If you’re working from home, and have been ever since the onset of the pandemic, you’re in good company. In fact, an estimated 71 percent of American workers are currently working from home compared to about 20 percent prior to the pandemic, according to a Pew Research survey. While this has allowed Americans to have significantly more flexibility, freedom and family time, it may be wreaking havoc on one very important personal feature: our face.
More specifically, our skin is impacted directly by our lifestyle habits, which, for many, includes sitting in front of a computer screen for a handful of hours a day. “Our skin is a living organ and is directly impacted by exercise, diet, emotional stresses, sleep patterns, etc.,” notes Jeremy A. Brauer, M.D., a New York-based dermatologist. “Depending on whether working from home has allowed you to eat healthier, exercise more regularly, and adopt better sleep habits or, instead, binge on take out without access to your gym or equipment and stay up late watching bad TV, working from home may have resulted in the improvement of your skin health, or has caused it to suffer.”
In fact, for some, working from home means never having to step foot outside all day — or even all week!
One important way working from home has impacted skin health, is how much time some of it forces us to spend indoors. In fact, for some, working from home means never having to step foot outside all day — or even all week! As such, it has left us forgetting the importance of basic skincare principles, such as wearing sunscreen. “For many people, applying sunscreen was a part of their morning regimen but when they started working from home, many people stopped not knowing if it was necessary if they weren’t going outside,” says Marisa Garshick, M.D., a dermatologist at Medical Dermatology & Cosmetic Surgery (MDCS) in New York. “It is known that UV rays can still penetrate windows and contribute to sun damage.”
Another key factor that can contribute to skin damage that is exacerbated from working from home is the blue light that is emitted from our digits devices, which can worsen hyperpigmentation, especially in those with darker skin, notes Dr. Garshick. She recommends using a blue light filter on your electronic devices whenever possible to mitigate the impact of this blue light.
If you’re still working from home and plan to for the foreseeable future, the good news is that there are plenty of ways you can work to protect your skin from the elements. Here, dermatologists share their best solutions for arming skin with protection while working from home.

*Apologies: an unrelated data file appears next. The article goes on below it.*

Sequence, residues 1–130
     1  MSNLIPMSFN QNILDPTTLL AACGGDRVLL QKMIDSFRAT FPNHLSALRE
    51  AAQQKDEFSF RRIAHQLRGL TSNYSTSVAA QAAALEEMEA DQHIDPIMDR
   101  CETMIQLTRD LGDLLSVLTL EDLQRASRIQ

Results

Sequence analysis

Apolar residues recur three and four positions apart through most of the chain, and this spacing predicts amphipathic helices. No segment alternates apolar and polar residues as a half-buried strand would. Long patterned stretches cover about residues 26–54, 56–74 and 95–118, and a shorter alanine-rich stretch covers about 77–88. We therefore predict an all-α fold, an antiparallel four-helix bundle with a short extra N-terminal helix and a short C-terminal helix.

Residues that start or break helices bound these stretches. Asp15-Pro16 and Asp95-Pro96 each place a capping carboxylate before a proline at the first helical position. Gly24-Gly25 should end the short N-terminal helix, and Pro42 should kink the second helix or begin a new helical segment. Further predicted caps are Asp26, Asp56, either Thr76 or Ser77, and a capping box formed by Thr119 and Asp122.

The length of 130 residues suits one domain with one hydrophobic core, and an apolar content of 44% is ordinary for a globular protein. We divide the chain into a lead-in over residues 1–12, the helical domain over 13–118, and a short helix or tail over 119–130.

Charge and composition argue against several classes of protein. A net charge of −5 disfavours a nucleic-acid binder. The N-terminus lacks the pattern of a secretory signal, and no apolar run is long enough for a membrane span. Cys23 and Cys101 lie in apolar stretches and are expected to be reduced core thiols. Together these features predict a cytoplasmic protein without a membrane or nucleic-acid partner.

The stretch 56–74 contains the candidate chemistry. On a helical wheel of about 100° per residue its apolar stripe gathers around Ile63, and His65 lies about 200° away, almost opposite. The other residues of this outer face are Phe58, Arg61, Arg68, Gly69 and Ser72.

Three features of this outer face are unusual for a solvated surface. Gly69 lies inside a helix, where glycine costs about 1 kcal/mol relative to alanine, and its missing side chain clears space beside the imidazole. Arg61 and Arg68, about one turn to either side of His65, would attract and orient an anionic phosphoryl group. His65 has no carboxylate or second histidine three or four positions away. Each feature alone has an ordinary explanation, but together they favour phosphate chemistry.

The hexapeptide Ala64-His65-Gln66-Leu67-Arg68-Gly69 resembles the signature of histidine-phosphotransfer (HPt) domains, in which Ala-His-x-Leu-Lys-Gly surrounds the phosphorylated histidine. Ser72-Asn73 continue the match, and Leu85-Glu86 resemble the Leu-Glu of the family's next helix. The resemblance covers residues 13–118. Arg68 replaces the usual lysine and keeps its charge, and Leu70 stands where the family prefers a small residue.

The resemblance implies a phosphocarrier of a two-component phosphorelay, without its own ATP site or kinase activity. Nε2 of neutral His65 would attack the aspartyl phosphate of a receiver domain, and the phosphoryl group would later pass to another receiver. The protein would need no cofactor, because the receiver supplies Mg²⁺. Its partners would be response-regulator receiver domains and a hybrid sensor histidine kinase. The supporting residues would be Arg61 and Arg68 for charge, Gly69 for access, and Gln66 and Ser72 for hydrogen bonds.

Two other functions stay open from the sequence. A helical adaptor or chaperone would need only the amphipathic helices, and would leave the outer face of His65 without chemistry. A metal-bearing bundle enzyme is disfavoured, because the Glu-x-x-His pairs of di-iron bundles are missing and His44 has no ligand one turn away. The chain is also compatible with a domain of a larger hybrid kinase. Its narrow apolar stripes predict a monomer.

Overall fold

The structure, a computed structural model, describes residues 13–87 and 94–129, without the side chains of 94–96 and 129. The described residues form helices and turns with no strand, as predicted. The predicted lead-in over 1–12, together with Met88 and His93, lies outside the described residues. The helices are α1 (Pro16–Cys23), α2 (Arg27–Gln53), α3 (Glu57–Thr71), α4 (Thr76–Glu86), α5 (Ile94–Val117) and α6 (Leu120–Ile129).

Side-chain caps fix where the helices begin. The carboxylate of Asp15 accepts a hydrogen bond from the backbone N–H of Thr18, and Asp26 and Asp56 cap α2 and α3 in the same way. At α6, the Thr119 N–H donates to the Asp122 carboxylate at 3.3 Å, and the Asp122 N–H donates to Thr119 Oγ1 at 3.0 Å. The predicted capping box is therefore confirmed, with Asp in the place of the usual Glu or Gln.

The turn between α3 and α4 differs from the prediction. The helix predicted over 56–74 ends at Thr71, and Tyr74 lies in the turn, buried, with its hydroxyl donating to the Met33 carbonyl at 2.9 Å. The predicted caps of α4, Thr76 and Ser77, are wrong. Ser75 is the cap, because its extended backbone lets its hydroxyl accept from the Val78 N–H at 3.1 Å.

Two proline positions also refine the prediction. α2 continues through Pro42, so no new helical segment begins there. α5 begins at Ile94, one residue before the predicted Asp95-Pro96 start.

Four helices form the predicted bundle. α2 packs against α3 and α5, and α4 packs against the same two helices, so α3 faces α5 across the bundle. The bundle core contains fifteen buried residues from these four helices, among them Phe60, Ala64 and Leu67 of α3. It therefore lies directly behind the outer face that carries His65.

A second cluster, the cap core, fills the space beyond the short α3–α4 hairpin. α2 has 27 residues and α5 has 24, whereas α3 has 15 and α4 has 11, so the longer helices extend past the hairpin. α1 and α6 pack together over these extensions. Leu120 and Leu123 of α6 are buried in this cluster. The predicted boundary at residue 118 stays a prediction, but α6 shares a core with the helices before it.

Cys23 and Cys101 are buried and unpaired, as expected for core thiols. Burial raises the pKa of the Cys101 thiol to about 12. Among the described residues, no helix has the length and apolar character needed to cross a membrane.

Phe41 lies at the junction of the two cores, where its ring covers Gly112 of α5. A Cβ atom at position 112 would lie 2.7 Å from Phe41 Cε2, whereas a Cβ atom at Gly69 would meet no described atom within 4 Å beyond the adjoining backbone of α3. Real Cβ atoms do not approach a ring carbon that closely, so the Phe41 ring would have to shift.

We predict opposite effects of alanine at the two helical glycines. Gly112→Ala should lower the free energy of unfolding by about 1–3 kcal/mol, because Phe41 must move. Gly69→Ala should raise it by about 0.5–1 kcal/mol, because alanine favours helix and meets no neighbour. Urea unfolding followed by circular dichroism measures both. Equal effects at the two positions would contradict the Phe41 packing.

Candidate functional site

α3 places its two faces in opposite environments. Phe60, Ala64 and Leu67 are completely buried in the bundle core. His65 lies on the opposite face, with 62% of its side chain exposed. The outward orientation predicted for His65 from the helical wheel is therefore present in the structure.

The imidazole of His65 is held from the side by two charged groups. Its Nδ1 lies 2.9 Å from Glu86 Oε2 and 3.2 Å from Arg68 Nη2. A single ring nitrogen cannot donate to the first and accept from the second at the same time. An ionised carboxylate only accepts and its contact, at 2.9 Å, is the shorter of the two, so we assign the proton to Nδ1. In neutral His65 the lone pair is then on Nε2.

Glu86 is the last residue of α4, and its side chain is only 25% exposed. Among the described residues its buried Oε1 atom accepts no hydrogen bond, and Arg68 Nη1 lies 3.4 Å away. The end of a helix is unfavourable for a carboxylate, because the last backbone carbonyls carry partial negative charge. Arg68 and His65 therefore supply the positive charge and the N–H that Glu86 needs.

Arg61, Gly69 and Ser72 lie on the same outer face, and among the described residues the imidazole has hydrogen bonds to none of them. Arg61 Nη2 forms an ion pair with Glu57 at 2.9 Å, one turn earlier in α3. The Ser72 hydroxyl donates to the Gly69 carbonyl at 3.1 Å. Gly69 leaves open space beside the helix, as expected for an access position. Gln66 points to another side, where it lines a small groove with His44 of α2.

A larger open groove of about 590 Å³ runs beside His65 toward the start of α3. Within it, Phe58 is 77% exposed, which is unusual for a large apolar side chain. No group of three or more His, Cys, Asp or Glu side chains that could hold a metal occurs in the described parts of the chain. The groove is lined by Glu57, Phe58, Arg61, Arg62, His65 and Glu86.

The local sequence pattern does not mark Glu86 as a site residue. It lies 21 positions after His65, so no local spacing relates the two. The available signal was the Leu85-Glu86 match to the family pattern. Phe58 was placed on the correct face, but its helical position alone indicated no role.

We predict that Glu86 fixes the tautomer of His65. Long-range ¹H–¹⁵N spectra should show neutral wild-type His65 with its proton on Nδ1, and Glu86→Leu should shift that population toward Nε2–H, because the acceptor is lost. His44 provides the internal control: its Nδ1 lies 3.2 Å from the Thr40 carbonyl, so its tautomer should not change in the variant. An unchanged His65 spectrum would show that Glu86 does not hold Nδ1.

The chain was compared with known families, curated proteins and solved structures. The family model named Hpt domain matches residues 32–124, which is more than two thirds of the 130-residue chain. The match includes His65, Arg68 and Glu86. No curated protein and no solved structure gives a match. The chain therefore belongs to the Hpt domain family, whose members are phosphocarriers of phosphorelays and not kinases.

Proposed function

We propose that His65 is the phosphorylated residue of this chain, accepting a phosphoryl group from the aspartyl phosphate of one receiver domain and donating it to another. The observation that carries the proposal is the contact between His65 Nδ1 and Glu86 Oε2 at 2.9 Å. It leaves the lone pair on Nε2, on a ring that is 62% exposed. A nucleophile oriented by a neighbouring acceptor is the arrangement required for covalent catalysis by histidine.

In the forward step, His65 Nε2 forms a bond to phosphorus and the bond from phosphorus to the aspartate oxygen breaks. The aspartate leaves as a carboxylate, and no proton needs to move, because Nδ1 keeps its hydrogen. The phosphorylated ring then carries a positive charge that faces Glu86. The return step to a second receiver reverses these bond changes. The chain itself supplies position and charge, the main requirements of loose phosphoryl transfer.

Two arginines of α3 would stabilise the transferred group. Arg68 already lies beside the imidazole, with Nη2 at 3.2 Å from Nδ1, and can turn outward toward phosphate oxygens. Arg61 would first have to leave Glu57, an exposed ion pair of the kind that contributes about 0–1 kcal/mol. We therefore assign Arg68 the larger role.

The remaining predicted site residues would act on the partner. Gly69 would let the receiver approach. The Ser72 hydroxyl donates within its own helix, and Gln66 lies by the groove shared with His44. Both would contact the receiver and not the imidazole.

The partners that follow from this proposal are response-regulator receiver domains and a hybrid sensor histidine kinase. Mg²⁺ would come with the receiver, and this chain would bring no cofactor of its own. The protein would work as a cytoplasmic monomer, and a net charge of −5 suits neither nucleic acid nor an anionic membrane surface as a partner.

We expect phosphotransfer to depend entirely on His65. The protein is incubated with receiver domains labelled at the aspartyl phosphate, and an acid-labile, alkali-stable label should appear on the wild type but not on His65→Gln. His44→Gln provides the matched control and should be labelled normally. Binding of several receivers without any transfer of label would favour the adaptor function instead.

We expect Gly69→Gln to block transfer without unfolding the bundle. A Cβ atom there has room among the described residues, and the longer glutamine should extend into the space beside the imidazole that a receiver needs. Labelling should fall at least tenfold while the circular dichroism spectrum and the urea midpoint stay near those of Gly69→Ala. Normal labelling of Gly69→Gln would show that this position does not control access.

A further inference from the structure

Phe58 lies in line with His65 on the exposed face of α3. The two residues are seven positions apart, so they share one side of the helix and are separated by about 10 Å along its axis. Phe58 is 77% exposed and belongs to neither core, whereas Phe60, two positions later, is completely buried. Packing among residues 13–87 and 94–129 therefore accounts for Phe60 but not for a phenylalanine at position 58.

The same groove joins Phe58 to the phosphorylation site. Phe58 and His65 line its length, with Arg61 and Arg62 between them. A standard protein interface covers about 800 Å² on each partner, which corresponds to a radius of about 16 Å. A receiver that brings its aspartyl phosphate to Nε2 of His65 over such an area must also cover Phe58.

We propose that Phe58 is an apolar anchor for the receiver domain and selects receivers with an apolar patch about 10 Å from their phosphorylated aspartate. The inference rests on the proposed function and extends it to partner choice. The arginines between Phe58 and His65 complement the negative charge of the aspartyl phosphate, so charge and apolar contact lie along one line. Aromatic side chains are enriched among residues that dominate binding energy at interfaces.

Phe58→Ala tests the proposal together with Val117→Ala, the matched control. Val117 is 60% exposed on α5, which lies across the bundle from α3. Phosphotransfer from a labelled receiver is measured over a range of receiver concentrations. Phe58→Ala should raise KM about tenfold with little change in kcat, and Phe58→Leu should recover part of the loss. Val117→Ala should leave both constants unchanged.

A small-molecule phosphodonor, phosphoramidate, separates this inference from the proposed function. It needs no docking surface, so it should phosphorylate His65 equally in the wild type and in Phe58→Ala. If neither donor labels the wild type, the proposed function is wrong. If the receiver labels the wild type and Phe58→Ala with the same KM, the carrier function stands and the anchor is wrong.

Wear SPF daily
Even if you don’t plan on leaving your house it is still recommended to wear SPF daily. Unless you don’t have a single window in your home, chances are you’re still exposed to some UV light, which can penetrate right through your windows, notes Dr. Garshick. “Additionally, some sunscreens can also provide protection against blue light, which can be emitted from digital devices,” she adds.
Wash your face twice daily
You might not be wearing much (or any) makeup on your work-from-home days, but it’s still important to wash your face twice daily — once in the morning and once at night. Doing so, according to Dr. Garshick, eliminates any excess oil, dirt or debris that can build up on the skin throughout the day. “By cleansing the skin it helps to prevent breakouts and also helps to leave the skin looking healthy,” she says.
Shower at least once a day
Don’t plan on seeing anyone all day? It’s still important to shower — at least once a day. You don’t have to wash your hair, but removing dead skin and oil will help prevent the formation of body acne, according to Brendan Camp, M.D., a Manhattan-based dermatologist at MDCS Dermatology. “Cleaning the skin with a gentle cleanser can also reduce the bacterial burden of the skin, as some skin bacteria can contribute to the formation of body odor,” he adds.
Still apply antioxidant products
Not using antioxidant products, like a vitamin C serum, can put your skin at risk from damage caused by free oxygen radicals, warns Dr. Camp. “These reactive oxygen species are generated from normal metabolic processes and exposure to UV radiation and can damage cellular structures like DNA, protein, and lipids,” he says. “Antioxidant products neutralize them and minimize the damage they cause.” He recommends using skincare products that contain antioxidants such as vitamin C, niacinamide, vitamin E and retinol.
Wash and change your sheets
Washing and changing your sheets, especially your pillowcases, is important, not only because it may help reduce exposure to oils and buildup that contribute to acne, but also because it functions as a source of accomplishment, explains Dr. Camp. What’s more: Your mental health may also stand to benefit from completing small and basic tasks like tidying up and making your bed. One study published in the Personality and Social Psychology Bulletin, found that stress levels were higher in individuals who lived in more “cluttered” spaces.
“Time at home has given many of us an opportunity to improve our skincare routines as well as the time to regularly scan ourselves, and our skin from head to toe,” says Dr. Brauer. “While this can and has been a good thing in some ways — especially if you discover a skin cancer — it has also resulted in patients picking, scratching and manipulating otherwise benign skin lesions, and in some cases resulting in infections and scarring.” If you have a skin issue, or potentially a condition, he recommends against self-diagnosing or self-treating if it doesn’t seem to be getting better. Instead, schedule an appointment with a board-certified dermatologist who can safely determine a treatment remedy.
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